Innovate Blog
How having a rationalised core-range of cleaning products can benefit catering and hospitality operators

Thursday April 12, 2018

Clean and simple: a series of blogs from Cleanline expert Rod Hale.

We asked our Cleanline expert ‘Why are Cleanline Super Concentrated products recommended as a rationalised range of cleaning products?’

And here’s what he told us…

As a caterer and hospitality operator, it makes sense to have as few products as possible in your cleaning cupboard or store room. For starters it makes training your teams easier and quicker because the fewer cleaning products there are, the less confusing it is and the easier it is for the team members to remember – particularly since English may not be the first language for many.  Using a rationalized core-range of products is safer too, there’s less potential hazard from accidently mixing up cleaning products and using the wrong one for the job and there’s less chance of a dangerous reaction if the wrong products are inadvertently mixed together. Even better for the team if those few core products are colour coded too as it allows for them to be instantly recognisable.

With a compact range of products, the cleaning cupboard or store room is a more user-friendly place, ordering is more straightforward and the cleaning budget becomes both economical and manageable.

When the Cleanline team planned its ranges of commercial cleaning products we first considered the four factors frequently needed to get something clean. They are Time, Temperature, Physical Action and Chemical Action; it’s called the Cleaning Circle.

Time is the amount of time spent putting effort in to a cleaning job. Temperature is whether the water used in conjunction with a cleaning product is hot, cold or warm. Hot water dissolves and lifts grease and fat so it plays a big part in many routine cleaning jobs. Physical action is the amount and type of effort required; this could mean the roller brushes in a car wash, the force of the jets in a dishwasher or simply the elbow grease needed to wash up pots and pans or to scrub a floor. Finally, Chemical Action refers to the detergent itself. For example, that could be, machine dishwasher detergent, washing up liquid, floor cleaner, toilet cleaner or laundry powder.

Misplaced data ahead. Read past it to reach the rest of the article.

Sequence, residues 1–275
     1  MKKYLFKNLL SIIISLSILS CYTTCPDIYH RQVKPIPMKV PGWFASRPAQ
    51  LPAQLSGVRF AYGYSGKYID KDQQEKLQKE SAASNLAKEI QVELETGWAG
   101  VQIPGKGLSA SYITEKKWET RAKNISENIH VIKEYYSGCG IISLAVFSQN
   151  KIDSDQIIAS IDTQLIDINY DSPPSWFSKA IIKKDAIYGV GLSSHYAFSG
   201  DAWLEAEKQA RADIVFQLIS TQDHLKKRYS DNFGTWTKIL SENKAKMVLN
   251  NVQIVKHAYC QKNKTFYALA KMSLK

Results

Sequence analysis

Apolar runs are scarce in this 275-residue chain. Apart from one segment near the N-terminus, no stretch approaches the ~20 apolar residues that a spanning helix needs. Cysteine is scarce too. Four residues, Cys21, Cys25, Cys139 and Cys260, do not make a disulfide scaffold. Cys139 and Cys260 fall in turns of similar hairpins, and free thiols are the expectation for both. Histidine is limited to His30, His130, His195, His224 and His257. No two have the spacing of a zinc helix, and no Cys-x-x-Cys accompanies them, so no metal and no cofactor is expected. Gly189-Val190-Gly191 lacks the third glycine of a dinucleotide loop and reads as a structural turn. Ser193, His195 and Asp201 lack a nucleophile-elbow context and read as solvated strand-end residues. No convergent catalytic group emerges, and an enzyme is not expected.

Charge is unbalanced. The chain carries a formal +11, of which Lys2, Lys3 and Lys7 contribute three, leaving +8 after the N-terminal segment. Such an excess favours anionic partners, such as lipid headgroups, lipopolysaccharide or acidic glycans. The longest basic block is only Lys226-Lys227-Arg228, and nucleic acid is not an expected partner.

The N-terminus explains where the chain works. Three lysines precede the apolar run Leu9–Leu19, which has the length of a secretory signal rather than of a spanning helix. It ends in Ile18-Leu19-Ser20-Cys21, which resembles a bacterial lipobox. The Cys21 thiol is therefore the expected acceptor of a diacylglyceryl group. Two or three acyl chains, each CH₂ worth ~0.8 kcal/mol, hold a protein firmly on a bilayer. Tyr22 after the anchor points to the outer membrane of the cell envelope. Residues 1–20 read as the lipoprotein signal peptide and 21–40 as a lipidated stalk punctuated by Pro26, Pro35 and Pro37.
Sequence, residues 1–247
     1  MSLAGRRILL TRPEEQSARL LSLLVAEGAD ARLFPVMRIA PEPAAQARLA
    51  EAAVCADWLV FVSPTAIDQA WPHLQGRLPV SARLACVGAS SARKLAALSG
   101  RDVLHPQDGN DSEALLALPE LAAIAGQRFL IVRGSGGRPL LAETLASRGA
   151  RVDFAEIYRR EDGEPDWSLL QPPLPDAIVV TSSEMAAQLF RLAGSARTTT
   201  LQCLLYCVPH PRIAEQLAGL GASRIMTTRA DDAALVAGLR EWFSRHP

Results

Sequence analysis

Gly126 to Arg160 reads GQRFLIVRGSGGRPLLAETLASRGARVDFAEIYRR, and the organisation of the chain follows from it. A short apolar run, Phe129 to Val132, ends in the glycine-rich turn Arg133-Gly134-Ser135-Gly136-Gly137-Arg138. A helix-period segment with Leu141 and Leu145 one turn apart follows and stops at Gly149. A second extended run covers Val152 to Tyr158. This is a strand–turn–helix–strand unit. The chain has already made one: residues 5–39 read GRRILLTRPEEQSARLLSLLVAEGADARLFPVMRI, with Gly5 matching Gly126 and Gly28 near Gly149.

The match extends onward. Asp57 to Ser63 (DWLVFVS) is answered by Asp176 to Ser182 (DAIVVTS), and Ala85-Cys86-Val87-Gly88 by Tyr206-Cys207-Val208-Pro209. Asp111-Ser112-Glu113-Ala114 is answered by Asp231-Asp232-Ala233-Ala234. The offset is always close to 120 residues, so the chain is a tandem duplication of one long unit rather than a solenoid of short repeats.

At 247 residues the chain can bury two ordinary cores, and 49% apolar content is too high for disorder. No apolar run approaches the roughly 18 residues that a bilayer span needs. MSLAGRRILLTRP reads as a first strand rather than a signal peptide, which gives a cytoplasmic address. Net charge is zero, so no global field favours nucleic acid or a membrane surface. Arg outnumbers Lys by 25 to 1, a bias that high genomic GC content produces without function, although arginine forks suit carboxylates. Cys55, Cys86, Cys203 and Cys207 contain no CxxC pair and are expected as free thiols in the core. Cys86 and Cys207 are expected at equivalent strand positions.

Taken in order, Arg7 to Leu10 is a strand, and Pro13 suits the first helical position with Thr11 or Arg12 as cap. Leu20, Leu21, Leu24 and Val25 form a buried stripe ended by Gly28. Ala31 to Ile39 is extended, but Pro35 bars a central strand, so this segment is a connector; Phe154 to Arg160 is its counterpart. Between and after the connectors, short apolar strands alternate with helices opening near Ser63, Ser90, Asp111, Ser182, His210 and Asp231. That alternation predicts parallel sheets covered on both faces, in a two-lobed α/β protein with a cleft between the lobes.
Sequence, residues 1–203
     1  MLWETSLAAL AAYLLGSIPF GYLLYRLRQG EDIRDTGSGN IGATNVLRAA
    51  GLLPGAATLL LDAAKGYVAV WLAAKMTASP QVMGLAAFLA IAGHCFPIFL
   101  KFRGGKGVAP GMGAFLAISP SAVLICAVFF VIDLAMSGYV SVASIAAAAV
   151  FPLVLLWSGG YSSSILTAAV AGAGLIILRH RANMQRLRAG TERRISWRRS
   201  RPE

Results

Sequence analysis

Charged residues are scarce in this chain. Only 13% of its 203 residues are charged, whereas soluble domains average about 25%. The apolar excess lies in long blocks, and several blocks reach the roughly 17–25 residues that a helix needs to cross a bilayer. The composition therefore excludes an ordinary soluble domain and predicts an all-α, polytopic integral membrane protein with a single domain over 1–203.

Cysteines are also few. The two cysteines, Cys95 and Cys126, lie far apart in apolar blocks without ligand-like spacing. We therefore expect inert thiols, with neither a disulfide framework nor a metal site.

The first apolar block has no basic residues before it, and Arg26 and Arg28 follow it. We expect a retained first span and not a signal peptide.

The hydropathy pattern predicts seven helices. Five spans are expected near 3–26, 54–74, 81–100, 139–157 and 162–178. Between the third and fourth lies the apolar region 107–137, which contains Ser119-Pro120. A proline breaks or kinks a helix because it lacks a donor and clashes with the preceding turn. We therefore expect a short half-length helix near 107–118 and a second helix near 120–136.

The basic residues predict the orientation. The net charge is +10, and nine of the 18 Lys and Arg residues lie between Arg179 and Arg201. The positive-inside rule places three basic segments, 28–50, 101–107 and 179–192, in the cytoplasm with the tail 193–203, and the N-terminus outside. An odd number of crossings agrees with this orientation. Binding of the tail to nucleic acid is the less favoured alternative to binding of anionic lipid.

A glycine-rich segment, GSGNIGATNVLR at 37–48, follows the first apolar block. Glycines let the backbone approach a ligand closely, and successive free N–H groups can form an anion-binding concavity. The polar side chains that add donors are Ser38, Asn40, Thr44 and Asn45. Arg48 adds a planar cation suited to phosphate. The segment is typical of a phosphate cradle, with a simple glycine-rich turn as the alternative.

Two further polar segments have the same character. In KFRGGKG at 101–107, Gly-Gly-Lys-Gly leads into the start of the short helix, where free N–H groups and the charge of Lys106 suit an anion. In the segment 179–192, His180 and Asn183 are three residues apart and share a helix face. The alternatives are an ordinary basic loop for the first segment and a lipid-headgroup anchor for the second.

The Cleaning Circle doesn’t apply to every job (for example, you don’t need hot water to clean a toilet) but these four elements are usually at work whether you’re washing your hair, cleaning the car, the bath, the kitchen floor or the extractor filters – and they need to be in balance with each other to get it right. To illustrate this point, what happens if the balance is wrong? For example, what if you have no hot water?  When this happens it means that extra work has to be done by the remaining three factors to compensate. More time, more physical effort and more detergent will be needed for a good result. Maybe the dishwasher has a fault, or less physical effort is available? In this case more detergent, more heat and more time will be needed to get the job done properly.

So here at Bunzl Catering Supplies, when we created the Cleanline Super range of concentrated products, understanding these four factors laid the foundations. What we have been able to produce are cleaning products that work well under normal conditions, but continue to work well even when the balance of the other three elements is askew. For example, Cleanline Super Multi-Purpose Cleaner will do a great job with cold water as well as hot and, although it may take a little longer, Cleanline Washing Up Liquid still produces great results even if the amount of time allowed for the job is significantly reduced.

To keep the number of products in the workplace down to a minimum, many of our products do more than one job: Cleanline Super Heavy Duty Cleaner may be used in a trigger sprayer for cleaning greasy hobs and work surfaces but it can also be used in a bucket as a kitchen floor cleaner. Cleanline Super Glass and General Purpose Cleaner produces a bright and streak-free finish on glass and mirrors, but it can also be used for cleaning most hard surfaces including sealed wood, laminates and plastics.

There are only seven colours in the spectrum but that’s more than enough for the rationalised range of Cleanline Super products to be colour coded. In the kitchen there are just three colours necessary (green for multi-purpose cleaning, blue for sanitising and red for degreasing) and in housekeeping there are four. This both makes life easier for supervisors to provide basic training and easier for users to recognise the right product for the job.

For more information about the Cleanline range – take a look at our Cleanline e-brochure.